Major study tracks Strangles prevalence in British horses

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A two-year-old Shetland pony (not involved in the study) with strangles.
A two-year-old Shetland pony with strangles. His first symptom was a runny nose. Then he developed a fever, and swelling to the right side of his face. © AkaEmma at English Wikipedia, Public domain, via Wikimedia Commons

A new study from the Royal Veterinary College (RVC), analysing laboratory diagnoses of strangles across the UK, paves the way for an improved understanding of the spread and control of strangles to reduce the impact of the devastating disease.

Strangles is a contagious upper respiratory tract infection, caused by the bacterium Streptococcus equi, which can affect horses, ponies and donkeys of any age, breed or sex with younger horses typically more severely affected. It is also one of the most prevalent infectious diseases amongst horses and ponies worldwide, carrying a very high welfare burden with up to 100% of horses in outbreaks becoming affected.

The results of the study have been reported in the journal Veterinary Record. The study, funded by The Horse Trust with support from South Essex Insurance Brokers, brought together an international team from the RVC, the University of Melbourne, jDATA, Intervacc AB, Wellcome Trust Sanger Institute and the British Horseracing Authority.

Researchers analysed data from seven UK diagnostic laboratories between January 2015 and December 2019, finding that 1617 laboratory diagnoses of strangles were recorded during that time. However, considering the number of potentially undiagnosed horses, the true number of equids affected by strangles is thought to be much higher.

Importantly, the findings of this study begin to quantify the occurrence of strangles within the UK and guide veterinary surgeons in their approach to disease diagnosis. This includes not ruling out a strangles diagnosis when a horse or pony presents with more general clinical signs of nasal discharge, with or without fever, in the absence of abscessation or swelling of the submandibular and retropharyngeal lymph nodes. More generally, the study suggested that the description of ‘classical’ and ‘atypical’ clinical signs should be revised.

The study also provides a valuable resource for UK horse owners in the form of SES (Surveillance of Equine Strangles) an online tool to identify if strangles outbreaks have occurred in their area, or a region they may be travelling to with their horses. This resource is actively updated – so if a region is currently experiencing higher numbers of strangles diagnoses, owners can stay informed and subsequently heighten their biosecurity and hygiene protocols. This will help to reduce the spread of strangles and ultimately the impact it can have on yards, owners and horses.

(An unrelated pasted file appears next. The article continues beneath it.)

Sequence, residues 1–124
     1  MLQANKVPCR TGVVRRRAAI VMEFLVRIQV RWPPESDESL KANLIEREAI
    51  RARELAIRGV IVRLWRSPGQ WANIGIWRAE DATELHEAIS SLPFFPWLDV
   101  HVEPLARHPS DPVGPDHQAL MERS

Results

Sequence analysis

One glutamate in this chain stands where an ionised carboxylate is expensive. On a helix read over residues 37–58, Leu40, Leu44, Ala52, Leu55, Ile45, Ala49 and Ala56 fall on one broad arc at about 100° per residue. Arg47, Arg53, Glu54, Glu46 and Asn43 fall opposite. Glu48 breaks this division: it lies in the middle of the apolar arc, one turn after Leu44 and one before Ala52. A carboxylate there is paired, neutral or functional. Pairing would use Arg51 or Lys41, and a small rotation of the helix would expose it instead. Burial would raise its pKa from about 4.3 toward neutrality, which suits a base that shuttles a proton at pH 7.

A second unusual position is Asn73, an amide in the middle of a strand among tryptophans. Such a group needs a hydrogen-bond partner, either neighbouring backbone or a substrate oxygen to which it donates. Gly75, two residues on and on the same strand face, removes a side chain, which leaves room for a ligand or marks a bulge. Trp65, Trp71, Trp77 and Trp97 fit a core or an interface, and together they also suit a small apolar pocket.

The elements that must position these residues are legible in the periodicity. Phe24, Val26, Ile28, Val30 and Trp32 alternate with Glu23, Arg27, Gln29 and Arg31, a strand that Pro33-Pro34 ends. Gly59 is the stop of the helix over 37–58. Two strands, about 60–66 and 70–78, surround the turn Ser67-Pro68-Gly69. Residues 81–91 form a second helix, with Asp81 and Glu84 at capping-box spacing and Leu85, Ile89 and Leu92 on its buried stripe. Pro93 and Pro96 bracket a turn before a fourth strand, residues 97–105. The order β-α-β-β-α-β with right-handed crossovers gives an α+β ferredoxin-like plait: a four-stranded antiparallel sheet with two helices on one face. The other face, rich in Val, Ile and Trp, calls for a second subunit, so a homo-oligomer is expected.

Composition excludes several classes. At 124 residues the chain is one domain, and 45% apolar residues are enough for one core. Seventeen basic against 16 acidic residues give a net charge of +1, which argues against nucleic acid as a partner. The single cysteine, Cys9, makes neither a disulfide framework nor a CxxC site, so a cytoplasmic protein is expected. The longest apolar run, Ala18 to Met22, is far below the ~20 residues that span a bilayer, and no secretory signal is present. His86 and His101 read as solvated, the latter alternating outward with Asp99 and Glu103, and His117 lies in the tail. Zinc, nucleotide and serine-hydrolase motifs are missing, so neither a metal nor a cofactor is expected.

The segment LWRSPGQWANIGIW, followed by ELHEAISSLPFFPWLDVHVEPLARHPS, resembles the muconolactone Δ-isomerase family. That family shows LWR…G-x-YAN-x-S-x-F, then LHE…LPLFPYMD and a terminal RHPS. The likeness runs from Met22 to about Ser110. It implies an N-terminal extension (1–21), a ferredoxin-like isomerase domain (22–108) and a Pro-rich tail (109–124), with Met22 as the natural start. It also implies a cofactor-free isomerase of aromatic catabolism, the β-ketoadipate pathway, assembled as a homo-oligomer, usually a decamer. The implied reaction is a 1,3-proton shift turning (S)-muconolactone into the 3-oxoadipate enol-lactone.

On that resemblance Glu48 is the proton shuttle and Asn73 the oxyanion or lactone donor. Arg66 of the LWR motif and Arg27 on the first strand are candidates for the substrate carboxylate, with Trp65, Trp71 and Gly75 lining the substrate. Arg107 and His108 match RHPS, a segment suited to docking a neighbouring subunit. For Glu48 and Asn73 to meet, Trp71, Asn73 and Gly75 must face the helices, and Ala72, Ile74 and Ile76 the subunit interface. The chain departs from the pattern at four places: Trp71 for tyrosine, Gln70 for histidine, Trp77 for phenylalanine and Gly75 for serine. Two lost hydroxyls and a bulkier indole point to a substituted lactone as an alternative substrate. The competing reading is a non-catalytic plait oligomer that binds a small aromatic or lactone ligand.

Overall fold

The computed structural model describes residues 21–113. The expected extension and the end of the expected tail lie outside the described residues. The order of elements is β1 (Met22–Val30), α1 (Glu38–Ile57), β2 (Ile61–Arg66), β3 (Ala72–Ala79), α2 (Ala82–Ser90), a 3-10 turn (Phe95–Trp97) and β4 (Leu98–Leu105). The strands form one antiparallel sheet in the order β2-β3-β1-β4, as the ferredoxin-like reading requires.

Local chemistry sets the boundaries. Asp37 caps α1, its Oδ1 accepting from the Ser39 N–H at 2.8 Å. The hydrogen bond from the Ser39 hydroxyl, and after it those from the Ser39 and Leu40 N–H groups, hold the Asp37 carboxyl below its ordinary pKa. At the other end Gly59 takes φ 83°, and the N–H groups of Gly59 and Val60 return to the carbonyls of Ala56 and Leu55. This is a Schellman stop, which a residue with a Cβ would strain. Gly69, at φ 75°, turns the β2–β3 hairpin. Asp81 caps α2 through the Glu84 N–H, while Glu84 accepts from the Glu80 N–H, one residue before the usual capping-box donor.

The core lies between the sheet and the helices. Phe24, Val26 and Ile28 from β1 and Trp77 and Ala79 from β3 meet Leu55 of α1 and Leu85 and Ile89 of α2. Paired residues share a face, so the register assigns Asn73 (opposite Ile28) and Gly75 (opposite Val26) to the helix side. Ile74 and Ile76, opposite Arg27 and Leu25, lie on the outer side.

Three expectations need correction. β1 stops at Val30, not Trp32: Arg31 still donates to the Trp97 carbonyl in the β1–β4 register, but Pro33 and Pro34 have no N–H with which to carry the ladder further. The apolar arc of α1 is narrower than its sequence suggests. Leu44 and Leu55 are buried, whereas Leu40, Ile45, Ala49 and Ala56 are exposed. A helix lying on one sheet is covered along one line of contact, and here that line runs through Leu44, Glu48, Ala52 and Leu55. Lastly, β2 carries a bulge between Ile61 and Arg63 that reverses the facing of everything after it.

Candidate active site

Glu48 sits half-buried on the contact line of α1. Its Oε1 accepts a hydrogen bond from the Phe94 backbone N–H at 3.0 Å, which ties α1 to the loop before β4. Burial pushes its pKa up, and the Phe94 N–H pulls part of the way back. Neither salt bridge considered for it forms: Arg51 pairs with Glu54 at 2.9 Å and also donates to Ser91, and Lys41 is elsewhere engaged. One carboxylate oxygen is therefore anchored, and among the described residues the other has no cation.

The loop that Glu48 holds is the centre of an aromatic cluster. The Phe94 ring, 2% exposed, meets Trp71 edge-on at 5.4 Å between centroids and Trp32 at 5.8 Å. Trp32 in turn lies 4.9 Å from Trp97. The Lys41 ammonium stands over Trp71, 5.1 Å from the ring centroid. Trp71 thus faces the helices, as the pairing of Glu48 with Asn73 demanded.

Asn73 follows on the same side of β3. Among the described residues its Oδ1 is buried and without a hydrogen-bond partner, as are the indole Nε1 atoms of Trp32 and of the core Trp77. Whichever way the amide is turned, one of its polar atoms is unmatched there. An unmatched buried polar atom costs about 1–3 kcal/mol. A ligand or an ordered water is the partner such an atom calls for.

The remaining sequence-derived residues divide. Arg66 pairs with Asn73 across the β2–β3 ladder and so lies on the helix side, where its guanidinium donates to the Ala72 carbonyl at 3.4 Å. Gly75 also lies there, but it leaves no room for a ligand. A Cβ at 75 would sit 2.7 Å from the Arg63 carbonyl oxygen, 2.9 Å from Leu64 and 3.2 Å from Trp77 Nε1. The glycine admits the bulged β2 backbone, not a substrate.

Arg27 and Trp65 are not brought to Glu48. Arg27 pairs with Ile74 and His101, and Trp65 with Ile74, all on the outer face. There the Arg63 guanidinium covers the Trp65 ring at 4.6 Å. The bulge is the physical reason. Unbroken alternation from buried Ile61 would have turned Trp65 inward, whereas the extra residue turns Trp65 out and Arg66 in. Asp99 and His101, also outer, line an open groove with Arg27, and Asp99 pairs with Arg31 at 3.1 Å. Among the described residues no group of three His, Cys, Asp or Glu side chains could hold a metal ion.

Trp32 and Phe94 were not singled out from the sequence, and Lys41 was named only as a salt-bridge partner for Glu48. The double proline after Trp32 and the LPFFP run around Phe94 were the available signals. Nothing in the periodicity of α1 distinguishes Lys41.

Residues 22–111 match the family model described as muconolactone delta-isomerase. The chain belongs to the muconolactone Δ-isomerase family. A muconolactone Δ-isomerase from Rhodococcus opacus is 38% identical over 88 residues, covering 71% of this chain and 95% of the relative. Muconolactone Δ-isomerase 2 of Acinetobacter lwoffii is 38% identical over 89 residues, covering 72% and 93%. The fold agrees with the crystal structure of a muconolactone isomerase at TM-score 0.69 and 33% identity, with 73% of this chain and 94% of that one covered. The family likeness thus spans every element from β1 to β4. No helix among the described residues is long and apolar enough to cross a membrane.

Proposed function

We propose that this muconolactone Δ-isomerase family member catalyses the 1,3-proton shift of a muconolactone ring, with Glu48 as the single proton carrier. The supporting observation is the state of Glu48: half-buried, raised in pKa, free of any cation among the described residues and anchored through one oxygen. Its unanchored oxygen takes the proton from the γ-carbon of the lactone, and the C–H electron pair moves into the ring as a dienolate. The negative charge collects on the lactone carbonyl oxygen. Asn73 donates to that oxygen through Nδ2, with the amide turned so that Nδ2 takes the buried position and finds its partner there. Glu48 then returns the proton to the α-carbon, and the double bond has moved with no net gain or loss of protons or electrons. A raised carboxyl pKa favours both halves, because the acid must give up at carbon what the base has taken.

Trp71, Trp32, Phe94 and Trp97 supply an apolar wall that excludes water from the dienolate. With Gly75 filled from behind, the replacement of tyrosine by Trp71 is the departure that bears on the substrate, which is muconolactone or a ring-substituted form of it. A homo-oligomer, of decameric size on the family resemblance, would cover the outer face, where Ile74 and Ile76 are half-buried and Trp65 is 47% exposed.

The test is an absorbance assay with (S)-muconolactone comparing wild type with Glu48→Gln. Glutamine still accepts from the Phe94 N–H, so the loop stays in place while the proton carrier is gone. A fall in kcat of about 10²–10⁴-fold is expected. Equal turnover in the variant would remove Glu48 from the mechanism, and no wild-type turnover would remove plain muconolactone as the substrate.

The publication also reinforces the benefit of a united front for strangles research and how through laboratories, veterinary practices and owners working together, there can be more detailed insights into the disease, leading towards safeguarding the health of horses.

Owners can check online to see if strangles outbreaks have occurred in their area.
Owners can check online to see if strangles outbreaks have occurred in their area.

Lead author Abigail McGlennon, PhD student in the Department of Pathobiology and Population Sciences, Royal Veterinary College, said that before the development of the Surveillance of Equine Strangles network in 2018, there was limited information available about strangles diagnoses in the UK.

“This publication highlights the prevalence of strangles in the UK and the variation in signs that infected horses show. The results of this five-year surveillance study enable the continued development of evidence-based recommendations within the equine industry to help reduce the spread of strangles and keep our horses healthy and happy.”

Surveillance of strangles in UK horses between 2015 and 2019 based on laboratory detection of Streptococcus equi.
McGlennon A, Waller A, Verheyen K, Slater J, Grewar J, Aanensen D, Newton R.
Vet Rec. 2021;e948. https://doi.org/10.1002/vetr.948

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